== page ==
beach_and_pier_-_2200x270_-_with_npr_and_cal_lu_1.jpg
Play Live Radio
Next Up:
0:00
0:00
Available On Air Stations

Organic Farmers Divided over Synthetics

Eden Foods CEO Michael Potter, here at the company's soy milk factory
Greg Allen, NPR
/
Eden Foods CEO Michael Potter, here at the company's soy milk factory
Jim Wedeberg's Organic Valley co-op farm in Gays Mills, Wis.
Greg Allen, NPR /
/
Jim Wedeberg's Organic Valley co-op farm in Gays Mills, Wis.

Organic foods, once specialty items found in co-ops and health food stores, have long since entered the mainstream. What started as a movement is now an established and fast-growing sector of the food business.

All of this change is creating tensions and rifts, most recently over how many synthetics can be used in food labeled "organic." Earlier this year, a federal court ruling severely limited the use of synthetic substances in organic food. But then Congress stepped in, adding a rider to an agriculture spending bill that allowed organic food makers to resume using a long list of synthetics.

But some, such as George Siemon of the Organic Valley farm co-op in Wisconsin, believe that the ruling threatened the industry's continued growth. Others, such as Eden Foods CEO Michael Potter, believe Congress' move is bad for organic businesses and consumers.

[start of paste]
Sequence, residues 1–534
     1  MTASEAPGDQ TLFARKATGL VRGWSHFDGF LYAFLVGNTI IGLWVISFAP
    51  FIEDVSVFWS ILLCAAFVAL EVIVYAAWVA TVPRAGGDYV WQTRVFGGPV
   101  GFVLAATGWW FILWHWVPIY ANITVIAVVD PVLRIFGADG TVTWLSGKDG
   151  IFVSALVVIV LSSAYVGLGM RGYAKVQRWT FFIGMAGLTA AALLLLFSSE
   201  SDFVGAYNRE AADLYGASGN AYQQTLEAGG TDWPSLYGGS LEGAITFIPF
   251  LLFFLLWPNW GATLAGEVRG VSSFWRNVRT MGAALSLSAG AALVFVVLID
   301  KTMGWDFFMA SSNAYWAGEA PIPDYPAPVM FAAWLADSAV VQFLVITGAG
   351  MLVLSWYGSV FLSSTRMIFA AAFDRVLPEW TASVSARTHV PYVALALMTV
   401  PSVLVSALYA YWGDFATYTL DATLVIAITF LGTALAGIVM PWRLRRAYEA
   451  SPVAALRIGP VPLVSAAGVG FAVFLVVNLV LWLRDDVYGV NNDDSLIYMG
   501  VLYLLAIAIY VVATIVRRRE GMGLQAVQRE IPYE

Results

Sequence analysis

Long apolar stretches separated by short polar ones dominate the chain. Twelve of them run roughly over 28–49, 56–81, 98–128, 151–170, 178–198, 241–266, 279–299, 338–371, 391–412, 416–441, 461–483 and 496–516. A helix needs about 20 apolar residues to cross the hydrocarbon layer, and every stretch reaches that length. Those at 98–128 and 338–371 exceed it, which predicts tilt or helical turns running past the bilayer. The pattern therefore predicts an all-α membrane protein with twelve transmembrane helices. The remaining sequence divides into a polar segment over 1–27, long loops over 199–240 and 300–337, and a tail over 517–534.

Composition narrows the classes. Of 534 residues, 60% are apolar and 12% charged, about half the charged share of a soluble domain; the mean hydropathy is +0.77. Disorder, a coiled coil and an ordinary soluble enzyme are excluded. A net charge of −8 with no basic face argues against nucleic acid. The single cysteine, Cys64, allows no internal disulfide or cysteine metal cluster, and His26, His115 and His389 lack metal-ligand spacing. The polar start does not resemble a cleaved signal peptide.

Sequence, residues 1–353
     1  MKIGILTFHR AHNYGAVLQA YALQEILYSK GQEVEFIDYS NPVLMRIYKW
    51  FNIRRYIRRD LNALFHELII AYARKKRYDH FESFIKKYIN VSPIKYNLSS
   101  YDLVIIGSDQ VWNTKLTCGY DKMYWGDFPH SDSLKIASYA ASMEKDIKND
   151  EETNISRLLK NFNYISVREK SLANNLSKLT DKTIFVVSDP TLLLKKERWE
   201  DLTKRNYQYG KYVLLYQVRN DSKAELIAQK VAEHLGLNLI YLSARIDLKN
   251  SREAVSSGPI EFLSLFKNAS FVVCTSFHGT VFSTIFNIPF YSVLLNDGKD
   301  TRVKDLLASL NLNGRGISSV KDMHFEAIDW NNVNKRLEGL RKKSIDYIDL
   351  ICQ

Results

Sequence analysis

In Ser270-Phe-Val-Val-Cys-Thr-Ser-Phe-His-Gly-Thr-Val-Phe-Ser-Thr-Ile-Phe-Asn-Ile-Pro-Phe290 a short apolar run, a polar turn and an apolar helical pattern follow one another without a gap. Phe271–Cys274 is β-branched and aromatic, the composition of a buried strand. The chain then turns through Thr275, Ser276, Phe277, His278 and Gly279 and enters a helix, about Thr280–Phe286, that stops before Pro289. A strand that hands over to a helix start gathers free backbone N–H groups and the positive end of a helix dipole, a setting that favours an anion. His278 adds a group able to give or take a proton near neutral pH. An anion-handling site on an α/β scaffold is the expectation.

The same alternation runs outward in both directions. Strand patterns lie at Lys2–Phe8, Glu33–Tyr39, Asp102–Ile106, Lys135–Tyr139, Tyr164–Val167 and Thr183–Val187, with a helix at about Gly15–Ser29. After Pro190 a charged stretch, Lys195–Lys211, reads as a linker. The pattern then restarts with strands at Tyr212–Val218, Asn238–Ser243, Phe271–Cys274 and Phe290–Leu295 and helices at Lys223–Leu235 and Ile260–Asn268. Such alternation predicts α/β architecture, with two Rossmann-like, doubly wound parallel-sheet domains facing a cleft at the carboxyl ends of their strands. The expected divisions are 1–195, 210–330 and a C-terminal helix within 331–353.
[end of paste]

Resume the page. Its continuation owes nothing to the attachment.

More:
With nearly 40 percent of Americans now buying organic food, and sales projected to reach $30 billion by 2007, clearly there's a lot riding on what exactly the label "organic" means.

Copyright 2022 NPR. To see more, visit https://www.npr.org.

As NPR's Miami correspondent, Greg Allen reports on the diverse issues and developments tied to the Southeast. He covers everything from breaking news to economic and political stories to arts and environmental stories. He moved into this role in 2006, after four years as NPR's Midwest correspondent.